A game I so very much wanted to like, but in the end, just didn’t, was Donut County. It had so much in place, the gorgeous art, the brilliant conceit, but in the end it came to almost nothing. Another similar-looking puzzle game I always wanted to play was Steve Swink’s Scale, but goodness me, who knows what’s happened to that – the last round of updates came in 2018, and it seems to have disappeared once again. So it is with some delight that I can report someone has finally managed to make something of the size-changing objects puzzling genre, in the form of Sizeable.
The biggest issue with Donut County was the lack of inspired ideas or tricky situations for which you could use the game’s magical growing hole. I suspect the biggest issue with the vapourware Scale is that there are too many ideas, too complicated to successfully shape into a coherent game. Sizeable, while by no means a perfect game, still seems to find a sweet spot somewhere between the two. Its main flaw is certainly that it leans too much toward the Donut County simplicity, but there are at least some inventive puzzles here, even if the whole game is a little too easy.
The concept here is little vignette levels, like dioramas, in which your task is to find and place three monoliths. To do this, you resize various items and objects in each level, manipulating the scene, building paths, exploding dynamite, disturbing birds, and what have you. Each level is utterly gorgeous, with size-changing objects easily identified with the mouse cursor, then immediately grown or shrunk with the mouse wheel. Some can be moved, others are fixed in place, and it’s with this mechanic that all your interaction takes place.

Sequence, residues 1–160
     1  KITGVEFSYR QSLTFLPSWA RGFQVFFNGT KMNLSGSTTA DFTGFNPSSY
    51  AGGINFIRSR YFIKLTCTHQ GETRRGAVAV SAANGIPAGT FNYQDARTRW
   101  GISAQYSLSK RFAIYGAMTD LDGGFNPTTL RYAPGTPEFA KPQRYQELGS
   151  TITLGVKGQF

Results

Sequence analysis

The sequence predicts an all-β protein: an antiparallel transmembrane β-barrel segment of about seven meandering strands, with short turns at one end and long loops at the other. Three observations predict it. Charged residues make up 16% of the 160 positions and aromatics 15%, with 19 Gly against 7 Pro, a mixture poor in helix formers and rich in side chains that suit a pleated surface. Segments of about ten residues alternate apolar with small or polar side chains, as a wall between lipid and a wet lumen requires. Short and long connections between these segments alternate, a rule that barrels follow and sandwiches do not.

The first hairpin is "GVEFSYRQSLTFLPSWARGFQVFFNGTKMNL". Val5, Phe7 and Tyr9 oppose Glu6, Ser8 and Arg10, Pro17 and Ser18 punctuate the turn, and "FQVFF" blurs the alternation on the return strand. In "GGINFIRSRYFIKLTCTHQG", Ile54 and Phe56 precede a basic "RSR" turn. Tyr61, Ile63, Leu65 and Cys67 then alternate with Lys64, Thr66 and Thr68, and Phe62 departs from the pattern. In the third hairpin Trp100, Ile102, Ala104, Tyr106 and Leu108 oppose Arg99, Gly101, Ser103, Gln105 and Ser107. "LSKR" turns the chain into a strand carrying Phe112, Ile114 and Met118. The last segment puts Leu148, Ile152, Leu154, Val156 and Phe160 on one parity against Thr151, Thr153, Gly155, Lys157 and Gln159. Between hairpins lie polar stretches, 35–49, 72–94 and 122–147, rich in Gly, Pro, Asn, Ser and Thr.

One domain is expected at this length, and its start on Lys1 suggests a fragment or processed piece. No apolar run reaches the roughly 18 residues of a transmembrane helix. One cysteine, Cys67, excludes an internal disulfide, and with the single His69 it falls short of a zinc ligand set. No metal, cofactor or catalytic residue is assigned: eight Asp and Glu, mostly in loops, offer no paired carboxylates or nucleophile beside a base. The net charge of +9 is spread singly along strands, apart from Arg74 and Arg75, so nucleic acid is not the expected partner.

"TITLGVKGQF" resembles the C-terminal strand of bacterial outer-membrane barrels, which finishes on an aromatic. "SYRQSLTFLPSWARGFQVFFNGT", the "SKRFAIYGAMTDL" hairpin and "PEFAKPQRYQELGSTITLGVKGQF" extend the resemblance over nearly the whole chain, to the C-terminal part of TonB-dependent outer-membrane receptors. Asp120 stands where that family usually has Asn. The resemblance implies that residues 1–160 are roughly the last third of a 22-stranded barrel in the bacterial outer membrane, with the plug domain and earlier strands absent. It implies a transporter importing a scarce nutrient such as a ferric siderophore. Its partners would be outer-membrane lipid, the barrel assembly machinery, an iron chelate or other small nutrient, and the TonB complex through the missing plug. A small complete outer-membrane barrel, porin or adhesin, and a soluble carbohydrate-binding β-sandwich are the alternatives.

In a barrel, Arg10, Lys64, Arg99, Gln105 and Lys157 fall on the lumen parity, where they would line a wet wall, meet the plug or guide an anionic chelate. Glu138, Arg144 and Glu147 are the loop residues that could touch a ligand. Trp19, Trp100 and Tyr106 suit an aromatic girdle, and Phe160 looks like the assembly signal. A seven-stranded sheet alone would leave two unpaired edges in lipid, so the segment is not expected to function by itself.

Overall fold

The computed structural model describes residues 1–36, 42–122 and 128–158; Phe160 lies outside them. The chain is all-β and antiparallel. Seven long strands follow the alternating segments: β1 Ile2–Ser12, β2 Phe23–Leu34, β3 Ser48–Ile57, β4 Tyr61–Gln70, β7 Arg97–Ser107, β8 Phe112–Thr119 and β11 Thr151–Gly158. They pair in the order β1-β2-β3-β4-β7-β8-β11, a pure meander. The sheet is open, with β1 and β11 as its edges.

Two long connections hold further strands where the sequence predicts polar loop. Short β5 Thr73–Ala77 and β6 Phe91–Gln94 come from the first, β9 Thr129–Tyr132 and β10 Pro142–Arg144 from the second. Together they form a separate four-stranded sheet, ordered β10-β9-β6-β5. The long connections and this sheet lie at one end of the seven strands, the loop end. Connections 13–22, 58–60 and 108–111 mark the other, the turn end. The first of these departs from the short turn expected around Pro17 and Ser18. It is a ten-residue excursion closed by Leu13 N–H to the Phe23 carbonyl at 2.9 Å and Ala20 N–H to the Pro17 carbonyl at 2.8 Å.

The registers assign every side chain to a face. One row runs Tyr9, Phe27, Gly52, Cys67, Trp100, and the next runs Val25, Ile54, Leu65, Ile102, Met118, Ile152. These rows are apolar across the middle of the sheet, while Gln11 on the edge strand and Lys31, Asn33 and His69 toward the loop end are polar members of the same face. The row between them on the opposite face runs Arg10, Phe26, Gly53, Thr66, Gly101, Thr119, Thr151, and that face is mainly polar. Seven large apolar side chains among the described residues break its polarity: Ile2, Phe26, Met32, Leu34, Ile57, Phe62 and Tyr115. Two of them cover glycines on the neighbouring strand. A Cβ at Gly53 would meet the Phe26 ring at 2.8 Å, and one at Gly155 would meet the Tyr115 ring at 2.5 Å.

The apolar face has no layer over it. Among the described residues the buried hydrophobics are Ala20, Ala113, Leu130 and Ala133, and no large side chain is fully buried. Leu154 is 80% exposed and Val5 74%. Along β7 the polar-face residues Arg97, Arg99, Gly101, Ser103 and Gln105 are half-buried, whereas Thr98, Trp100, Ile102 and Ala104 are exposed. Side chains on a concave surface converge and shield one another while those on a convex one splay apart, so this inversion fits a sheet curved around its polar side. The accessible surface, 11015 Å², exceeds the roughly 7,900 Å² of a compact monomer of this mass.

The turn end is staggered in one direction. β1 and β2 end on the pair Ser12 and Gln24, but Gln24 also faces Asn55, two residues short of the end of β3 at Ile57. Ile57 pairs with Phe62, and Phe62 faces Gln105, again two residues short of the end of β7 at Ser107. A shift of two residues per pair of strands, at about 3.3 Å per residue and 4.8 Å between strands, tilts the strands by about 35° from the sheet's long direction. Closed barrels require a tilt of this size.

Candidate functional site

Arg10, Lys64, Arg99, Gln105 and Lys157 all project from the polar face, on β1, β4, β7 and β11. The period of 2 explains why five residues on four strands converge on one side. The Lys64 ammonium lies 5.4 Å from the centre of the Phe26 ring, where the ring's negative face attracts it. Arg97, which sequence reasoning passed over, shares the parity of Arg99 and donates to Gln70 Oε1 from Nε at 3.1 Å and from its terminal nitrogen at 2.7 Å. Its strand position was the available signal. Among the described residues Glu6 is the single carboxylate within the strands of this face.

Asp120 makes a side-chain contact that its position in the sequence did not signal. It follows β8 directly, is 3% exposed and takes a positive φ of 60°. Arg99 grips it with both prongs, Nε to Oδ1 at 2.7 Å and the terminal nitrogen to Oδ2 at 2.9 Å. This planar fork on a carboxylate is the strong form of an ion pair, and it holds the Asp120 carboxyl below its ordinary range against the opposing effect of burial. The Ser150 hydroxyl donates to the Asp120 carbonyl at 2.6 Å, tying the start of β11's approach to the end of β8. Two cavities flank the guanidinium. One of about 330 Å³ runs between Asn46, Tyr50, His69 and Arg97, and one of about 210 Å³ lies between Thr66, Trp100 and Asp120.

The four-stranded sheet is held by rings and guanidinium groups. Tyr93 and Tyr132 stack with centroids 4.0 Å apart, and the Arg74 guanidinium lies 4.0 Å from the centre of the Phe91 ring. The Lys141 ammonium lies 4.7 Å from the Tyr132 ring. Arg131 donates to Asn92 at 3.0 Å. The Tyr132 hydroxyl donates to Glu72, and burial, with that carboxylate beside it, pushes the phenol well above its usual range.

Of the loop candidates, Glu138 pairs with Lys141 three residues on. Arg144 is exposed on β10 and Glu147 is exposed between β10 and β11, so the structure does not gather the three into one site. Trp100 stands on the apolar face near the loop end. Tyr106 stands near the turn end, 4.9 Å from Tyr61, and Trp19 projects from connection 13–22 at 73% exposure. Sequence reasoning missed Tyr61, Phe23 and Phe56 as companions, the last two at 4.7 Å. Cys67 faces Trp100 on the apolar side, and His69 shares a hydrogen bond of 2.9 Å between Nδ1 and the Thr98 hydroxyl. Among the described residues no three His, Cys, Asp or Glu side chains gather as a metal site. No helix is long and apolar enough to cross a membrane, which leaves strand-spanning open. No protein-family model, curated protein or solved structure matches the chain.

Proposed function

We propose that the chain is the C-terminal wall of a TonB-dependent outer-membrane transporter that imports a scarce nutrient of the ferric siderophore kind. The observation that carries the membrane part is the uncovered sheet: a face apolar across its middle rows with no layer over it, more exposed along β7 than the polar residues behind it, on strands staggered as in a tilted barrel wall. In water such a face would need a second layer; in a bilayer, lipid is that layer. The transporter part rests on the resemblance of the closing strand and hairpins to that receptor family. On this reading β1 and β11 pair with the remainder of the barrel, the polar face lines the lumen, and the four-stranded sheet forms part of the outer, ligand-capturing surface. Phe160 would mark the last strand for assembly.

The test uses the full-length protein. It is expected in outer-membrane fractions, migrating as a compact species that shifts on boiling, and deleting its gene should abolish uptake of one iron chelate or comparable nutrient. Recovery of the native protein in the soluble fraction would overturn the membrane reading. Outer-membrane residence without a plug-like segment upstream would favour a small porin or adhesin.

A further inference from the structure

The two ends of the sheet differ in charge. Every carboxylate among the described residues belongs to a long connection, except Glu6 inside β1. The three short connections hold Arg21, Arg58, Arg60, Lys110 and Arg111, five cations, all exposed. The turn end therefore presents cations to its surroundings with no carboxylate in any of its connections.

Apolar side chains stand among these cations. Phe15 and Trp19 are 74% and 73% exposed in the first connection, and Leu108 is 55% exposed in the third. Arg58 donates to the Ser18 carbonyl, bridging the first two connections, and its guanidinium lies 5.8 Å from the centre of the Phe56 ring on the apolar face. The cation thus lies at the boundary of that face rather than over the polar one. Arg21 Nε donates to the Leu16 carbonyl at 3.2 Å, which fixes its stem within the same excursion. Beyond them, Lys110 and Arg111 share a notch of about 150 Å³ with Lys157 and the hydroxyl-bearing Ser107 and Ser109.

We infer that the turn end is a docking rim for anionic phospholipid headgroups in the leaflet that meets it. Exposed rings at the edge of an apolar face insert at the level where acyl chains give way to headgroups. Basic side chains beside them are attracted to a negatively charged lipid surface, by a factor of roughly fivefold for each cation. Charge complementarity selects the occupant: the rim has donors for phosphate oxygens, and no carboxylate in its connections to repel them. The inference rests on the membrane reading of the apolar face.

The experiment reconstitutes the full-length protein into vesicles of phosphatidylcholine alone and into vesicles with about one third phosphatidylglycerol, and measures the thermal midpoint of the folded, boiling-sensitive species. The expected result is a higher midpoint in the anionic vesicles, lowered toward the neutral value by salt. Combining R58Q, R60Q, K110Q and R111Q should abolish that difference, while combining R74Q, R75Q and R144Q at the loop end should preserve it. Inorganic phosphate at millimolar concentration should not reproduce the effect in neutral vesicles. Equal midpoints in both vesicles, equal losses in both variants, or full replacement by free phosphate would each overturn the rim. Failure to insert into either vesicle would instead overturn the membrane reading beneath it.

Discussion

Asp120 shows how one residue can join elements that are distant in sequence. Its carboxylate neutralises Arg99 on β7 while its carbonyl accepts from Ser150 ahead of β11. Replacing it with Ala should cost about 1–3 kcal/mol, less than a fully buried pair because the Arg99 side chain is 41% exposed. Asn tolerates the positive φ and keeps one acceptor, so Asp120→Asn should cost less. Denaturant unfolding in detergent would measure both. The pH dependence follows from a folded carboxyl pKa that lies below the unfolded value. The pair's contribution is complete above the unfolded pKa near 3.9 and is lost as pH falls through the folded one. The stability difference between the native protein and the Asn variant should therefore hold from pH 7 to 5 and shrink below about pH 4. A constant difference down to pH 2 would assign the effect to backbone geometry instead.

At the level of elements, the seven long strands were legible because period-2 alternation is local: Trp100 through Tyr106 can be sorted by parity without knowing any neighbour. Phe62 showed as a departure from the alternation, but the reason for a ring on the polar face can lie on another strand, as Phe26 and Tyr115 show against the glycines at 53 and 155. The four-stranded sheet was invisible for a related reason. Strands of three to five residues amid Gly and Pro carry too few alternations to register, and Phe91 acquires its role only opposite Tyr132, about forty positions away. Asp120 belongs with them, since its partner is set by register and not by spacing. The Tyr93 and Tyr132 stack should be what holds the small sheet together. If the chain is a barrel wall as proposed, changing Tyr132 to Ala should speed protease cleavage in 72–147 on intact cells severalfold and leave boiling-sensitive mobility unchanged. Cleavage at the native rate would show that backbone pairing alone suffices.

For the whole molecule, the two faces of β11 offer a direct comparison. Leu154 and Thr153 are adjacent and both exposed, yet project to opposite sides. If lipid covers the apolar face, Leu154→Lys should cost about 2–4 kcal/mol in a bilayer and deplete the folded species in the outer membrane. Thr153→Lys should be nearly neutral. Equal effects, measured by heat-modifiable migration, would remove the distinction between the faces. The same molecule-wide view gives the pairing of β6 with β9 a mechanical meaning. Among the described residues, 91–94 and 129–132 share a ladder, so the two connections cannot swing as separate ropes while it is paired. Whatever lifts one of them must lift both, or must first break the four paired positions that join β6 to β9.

At the game’s best you’re building crazy gold courses, or finding batteries to build circuits to power machines to reveal surprises. At its weakest you’re just making stuff big or small and the monoliths are falling out. Both are satisfying, but the latter is always a bit of a disappointment. That’s especially the case with the lack of a difficulty curve across the base 21 levels. If anything, they’re at their most intriguing in the first group of seven, with too many latter levels feeling far less involved. Yet, it’s all so lovely, and so fun to play with as a toy, that this isn’t an enormous issue.
That’s the success here. It’s a toy first, a puzzle game second, but the puzzles are there. Working out how to tip over mine carts, or align peculiar grey stones so they consume a glowing red gem, or changing the weather so the wind blows a windmill to power a machine to move a wall… that’s all so fun! There are levels where you can change the seasons, others where you control the tides. So many brilliantly inventive ideas, crammed into 21 differently themed levels. Then on top of that there are five extra hidden levels to discover, plus bonus items to find across them all. Also, the game’s ending suggests another set of levels are on their way soon!
It’s all good enough that I’m just able to get past my bemusement that the development studio is called Business Goose Studios while their logo is a penguin. That’s causing me physical anguish.
Special mention needs to go to the music by Jamal Green, which is utterly lovely, and a perfect accompaniment to the gentle puzzles, and indeed to writing this review.
I do wish it had become much more difficult as it went along. It never really gets off the starting blocks there, and it’d have been really splendid to have levels that absorbed me for more than a couple of minutes each. But this is gorgeous stuff, and it’s a pleasure to play either way. Finally someone’s figured out a successful way to use the size-changing magics!